Easy Eating: Two Winter Fruit Salads and Tu B’Shvat*

* See P.S. at the end of the article about the Jewish Holiday for the trees called Tu B’shvat.

After all the heavy foods from the holidays, a fresh fruit salad with only 3 or 4 ingredients might be just what your body needs to feel lighter. These two simple recipes are also simply delicious and nutritious. Feel free to substitute other fresh fruits that are available. Here are the fruits I used and a little about them:

Granny Smith ApplesGood source of fiber with 20% Vitamin C and 80 calories
Blueberries – Good source of vitamin C & K, manganese and fiber, but high in natural sugars, so use sparingly
Oranges-  (or grapefuit) – Good source of  thiamin, folate, potassium, fiber and vitamin C, but also high in natural sugars
Pomegranates – Good source of folate, vitamin C, and fiber but also high in natural sugar.

All have no cholesterol or saturated fats, but because many of them are sprayed, I would choose organic. (You deserve it!)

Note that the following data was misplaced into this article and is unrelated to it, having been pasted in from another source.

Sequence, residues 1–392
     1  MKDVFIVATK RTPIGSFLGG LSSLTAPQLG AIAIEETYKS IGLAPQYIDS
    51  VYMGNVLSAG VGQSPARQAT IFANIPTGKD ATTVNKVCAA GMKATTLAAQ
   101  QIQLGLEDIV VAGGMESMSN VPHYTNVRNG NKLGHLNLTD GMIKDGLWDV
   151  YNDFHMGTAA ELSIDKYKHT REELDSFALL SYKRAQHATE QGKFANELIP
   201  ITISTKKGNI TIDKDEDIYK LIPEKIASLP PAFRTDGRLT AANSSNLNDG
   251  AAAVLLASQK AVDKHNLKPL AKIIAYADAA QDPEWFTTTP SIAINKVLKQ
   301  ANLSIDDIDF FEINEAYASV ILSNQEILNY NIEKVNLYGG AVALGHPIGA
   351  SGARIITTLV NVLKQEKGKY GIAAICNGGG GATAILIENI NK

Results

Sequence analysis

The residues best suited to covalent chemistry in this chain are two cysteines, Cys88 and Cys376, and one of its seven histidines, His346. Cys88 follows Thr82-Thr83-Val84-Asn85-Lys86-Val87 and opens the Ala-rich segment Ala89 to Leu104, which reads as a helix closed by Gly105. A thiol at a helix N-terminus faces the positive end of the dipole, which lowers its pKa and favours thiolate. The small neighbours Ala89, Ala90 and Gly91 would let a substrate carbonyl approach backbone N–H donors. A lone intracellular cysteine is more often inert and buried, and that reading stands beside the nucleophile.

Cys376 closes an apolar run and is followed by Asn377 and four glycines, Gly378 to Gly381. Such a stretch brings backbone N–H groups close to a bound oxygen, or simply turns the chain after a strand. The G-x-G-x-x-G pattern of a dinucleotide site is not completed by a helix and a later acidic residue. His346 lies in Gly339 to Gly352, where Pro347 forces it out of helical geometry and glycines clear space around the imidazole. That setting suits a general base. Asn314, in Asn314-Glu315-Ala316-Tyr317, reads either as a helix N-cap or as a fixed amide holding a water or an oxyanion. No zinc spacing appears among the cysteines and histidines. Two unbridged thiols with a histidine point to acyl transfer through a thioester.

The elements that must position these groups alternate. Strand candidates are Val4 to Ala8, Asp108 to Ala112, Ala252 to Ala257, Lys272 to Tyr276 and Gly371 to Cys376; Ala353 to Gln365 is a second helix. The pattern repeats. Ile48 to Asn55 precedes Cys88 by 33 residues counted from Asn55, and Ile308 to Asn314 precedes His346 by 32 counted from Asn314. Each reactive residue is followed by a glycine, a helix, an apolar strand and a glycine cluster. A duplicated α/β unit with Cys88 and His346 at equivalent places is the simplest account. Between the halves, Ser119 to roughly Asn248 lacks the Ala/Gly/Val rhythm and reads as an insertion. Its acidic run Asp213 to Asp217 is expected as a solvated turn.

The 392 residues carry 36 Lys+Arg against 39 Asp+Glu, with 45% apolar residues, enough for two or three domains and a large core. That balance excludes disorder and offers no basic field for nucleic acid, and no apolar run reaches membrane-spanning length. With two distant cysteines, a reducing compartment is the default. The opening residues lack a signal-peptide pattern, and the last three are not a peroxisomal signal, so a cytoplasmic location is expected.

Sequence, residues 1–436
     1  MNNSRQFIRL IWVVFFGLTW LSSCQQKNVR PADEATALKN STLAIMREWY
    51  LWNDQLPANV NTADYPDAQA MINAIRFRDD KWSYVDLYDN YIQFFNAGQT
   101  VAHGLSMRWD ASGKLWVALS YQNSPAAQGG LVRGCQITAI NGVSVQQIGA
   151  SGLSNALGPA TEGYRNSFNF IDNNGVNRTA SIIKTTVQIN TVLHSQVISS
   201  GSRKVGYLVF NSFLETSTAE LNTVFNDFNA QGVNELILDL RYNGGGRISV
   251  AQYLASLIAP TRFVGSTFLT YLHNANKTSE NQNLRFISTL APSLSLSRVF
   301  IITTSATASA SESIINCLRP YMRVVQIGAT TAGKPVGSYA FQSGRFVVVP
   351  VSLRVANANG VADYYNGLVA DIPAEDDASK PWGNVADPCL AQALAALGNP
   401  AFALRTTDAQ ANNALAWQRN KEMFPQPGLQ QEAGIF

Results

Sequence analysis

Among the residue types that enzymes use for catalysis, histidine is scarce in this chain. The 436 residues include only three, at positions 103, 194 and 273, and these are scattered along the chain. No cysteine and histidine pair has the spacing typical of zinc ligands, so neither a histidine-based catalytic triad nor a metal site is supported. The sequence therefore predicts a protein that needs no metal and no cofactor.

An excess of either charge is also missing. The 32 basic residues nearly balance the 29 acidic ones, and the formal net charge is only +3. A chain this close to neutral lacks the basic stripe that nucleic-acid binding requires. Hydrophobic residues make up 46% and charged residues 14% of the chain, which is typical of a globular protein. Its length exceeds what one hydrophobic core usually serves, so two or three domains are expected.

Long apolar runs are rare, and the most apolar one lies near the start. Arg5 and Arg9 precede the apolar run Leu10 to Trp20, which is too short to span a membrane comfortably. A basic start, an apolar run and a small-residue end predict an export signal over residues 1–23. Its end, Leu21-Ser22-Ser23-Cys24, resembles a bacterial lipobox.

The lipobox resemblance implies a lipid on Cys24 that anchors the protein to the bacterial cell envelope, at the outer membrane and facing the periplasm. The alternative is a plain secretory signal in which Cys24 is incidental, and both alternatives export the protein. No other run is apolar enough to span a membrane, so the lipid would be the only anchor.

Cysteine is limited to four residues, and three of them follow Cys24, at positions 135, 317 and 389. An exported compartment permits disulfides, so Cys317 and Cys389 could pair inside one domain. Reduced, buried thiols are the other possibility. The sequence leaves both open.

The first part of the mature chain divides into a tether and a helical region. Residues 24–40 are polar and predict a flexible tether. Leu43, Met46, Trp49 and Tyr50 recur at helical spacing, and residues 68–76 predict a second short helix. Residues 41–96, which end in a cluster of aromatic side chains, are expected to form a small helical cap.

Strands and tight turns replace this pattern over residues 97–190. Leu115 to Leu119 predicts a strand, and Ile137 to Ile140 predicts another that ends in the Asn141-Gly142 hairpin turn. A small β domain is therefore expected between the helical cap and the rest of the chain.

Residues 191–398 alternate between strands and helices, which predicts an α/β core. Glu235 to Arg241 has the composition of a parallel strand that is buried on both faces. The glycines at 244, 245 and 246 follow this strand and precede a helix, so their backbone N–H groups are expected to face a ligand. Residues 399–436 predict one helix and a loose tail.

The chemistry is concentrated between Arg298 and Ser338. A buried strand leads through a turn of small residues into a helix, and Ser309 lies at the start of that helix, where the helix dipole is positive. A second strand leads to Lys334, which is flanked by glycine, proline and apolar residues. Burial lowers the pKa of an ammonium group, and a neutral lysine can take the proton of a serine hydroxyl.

All you need is a cutting board, knife and serving bowl. No cooking and minimal prep time.

Apple/Blueberry Fruit Salad

Wash and cut up one Granny Smith organic apple, removing seeds and hard core. Add about 1/2 cup organic blueberries. If you wish, add a little apple juice to moisten. Optional: A dollop of yogurt on top or some slivered almonds.


Orange, Pomegranate & Almond Salad

Wash and peel one organic orange (or 1/2 organic grapefruit) Peel 1/2 of a pomegranate and remove seeds or buy seeds already packaged. Add about 2 tablespoons.
Finally, sprinkle on some sliced almonds. Add a bit of orange juice if the salad needs moistening.

Optional: Sprinkle on some unsweetened, dried coconut. (I did, but ate all the salad before taking another photo!) OR add nuts, which is part of the T B’Shvat Seder. (See below)

*P.S. This week (Jan. 16th) Jews celebrate the holiday of Tu B’Shvat, a lovely holiday in which fruits of every kind are served in a special order, or Seder (Passover also has a Seder but the themes are different). One of the themes of Tu B’Shvat is the concern for the environment, using the Seder to focus on our relationship with the planet, an early Earth Day reminder, if you will.  For more information, you can go to www.jewishexponent.com. The Home Page has several links to celebrate Tu B’Shvat with all kinds of fruits and nuts.

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